Fifth Third Mortg. Co. v. Chicago Title Ins. Co.
In 2007, Fifth Third loaned Buford $406,000 in exchange for a mortgage on property that Buford purportedly owned. Fifth Third obtained a title-insurance policy from Direct Title, an issuing agent for Chicago Title. Direct Title was a fraudulent agent; its sole “member” was the actual title owner of the property and conspired with Buford to use that single property as collateral to obtain multiple loans from different lenders. When creditors foreclosed on the property in state court, Fifth Third intervened and asked Chicago Title to defend and compensate. Chicago Title refused to defend or indemnify. Chicago Title sought to avoid summary judgment, indicating that it needed discovery on the questions whether “Fifth Third failed to follow objectively reasonable and prudent underwriting standards” in processing Buford’s loan application and whether Direct Title had authority to issue the title-insurance policy. The district court granted Fifth Third summary judgment. The Sixth Circuit affirmed, noting that “When a party comes to us with nine grounds for reversing the district court, that usually means there are none.”View "Fifth Third Mortg. Co. v. Chicago Title Ins. Co." on Justia Law
United States v. Peterson
The Eleventh Circuit consolidated two criminal cases involving sophisticated financial structuring arrangements between related corporate subsidiaries. Appellants, William Allen Broughton and Richard William Peterson were convicted of conducting a "modern-day financial shell game" in which they falsified financial statements, exchanged paper ownership over non-extant fraudulent assets, and collected insurance premiums and monthly payments from unwitting innocents. Collectively, they stated two bases for reversal: (1) Broughton contended that the Government's purported failure to file charges within the relevant statutes of limitations "demand[ed]" reversal; and (2) both Appellants claimed that the district court erred in denying their motions for judgment of acquittal due to an insufficiency of evidence. Finding no error, the Eleventh Circuit affirmed Appellants' convictions. View "United States v. Peterson" on Justia Law
United States v. Truman
In 2005 Truman and partners purchased a vacant commercial building for $175,000, insured for $4,250,000 in fire-related losses. The property, without the building, was worth more than with the building. After a minor accidental fire, Truman told an employee that if it ever caught fire again, just get out. Considering leasing, Truman stated that it would make more money if it burnt. By late 2006, Truman had less than $5,000 in personal bank accounts. Premiums were paid through November 17. The building burned down November 12. Truman, Jr. confessed that he had burned the building at his father’s direction. State charges were dismissed because of inability to corroborate junior’s testimony, as required under New York law. Truman was charged with aiding and abetting arson, 18 U.S.C. 844(i); mail fraud, 18 U.S.C. 1341; use of fire in commission of a felony, 18 U.S.C. 844(h); and loan fraud, 18 U.S.C. 1341. Following a guilty verdict the district court granted acquittal and conditionally granted a new trial. The Second Circuit vacated and remanded for sentencing. Junior’s refusal to answer certain questions did not render his testimony incredible as a matter of law, and his prior state testimony was nonhearsay. Truman was not prejudiced by improper cross-examination or summation argument references to the cooperation agreement. View "United States v. Truman" on Justia Law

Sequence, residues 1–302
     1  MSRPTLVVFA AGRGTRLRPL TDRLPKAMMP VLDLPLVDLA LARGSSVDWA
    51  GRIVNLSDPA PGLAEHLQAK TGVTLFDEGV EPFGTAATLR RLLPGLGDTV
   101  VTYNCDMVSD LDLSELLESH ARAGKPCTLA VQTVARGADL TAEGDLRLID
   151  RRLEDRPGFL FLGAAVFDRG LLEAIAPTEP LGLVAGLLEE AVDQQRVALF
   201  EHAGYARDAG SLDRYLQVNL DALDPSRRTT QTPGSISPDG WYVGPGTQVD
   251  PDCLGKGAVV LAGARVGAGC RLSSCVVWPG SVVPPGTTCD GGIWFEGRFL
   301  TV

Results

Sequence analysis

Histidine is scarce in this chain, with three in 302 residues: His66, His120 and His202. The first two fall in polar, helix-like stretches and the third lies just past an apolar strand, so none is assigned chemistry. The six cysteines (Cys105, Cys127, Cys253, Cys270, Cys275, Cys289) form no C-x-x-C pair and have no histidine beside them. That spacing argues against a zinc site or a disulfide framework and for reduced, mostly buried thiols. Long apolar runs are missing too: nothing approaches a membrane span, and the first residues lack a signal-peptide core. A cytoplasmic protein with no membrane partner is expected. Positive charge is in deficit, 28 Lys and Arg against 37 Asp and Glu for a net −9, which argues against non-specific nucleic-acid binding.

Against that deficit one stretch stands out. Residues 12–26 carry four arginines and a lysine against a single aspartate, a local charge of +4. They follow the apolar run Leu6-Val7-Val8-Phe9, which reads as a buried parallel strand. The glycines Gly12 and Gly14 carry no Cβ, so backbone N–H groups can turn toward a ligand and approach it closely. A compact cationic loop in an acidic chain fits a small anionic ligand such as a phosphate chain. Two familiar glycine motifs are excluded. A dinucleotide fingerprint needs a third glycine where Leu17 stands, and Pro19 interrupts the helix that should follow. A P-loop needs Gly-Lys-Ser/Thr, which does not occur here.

North Shore Bank, FSB v. Progressive Cas. Ins. Co.
A new customer of the bank (Ott) obtained a loan to finance the purchase of a motor home from the dealership that Ott himself owned. Ott presented the certificate of origin and pledged the motor home as collateral. When Ott defaulted two years later, the bank discovered that the certificate of origin was a fake and the motor home did not exist. The bank’s insurer denied recovery because the fake certificate of origin did not meet the insurance bond definition of "Counterfeit." The district court ruled in favor of the insurer. The Seventh Circuit affirmed. The certificate of origin did not imitate an actual, original certificate of origin for a 2007 motor home because there never was an actual, valid, original certificate for the vehicle pledged as collateral: the manufacturer never produced the vehicle described.View "North Shore Bank, FSB v. Progressive Cas. Ins. Co." on Justia Law
Foster v. State Farm Fire and Cas. Co.
In 2009, fire severely damaged the insureds' home. They submitted a claim to under their homeowners’ policy the next day. The insurer began requesting documents, authorizations, and interviews and learned that the insureds had at least two businesses, held numerous personal and business accounts, and were involved in several lawsuits. A fire investigator concluded that the fire was intentionally set. The insurer requested additional documents: detailed phone records, bank histories, tax returns, and mortgage information and reminded the insureds that proof of loss was due by May 2. The insurer granted extensions; on the day of the final deadline the insureds delivered almost 1,000 pages of documents. Several months later, the insurer had not received most of the requested documents or an explanation why they could not be produced. After initially acknowledging their failure to produce the documents, the insureds attempted to impose a deadline for settlement of the $2.6 million claim. The district court entered summary judgment for the insurer in the insureds' breach of contract suit. The Seventh Circuit affirmed. The insureds failed to perform the specific "duties after loss" listed in the policy.View "Foster v. State Farm Fire and Cas. Co." on Justia Law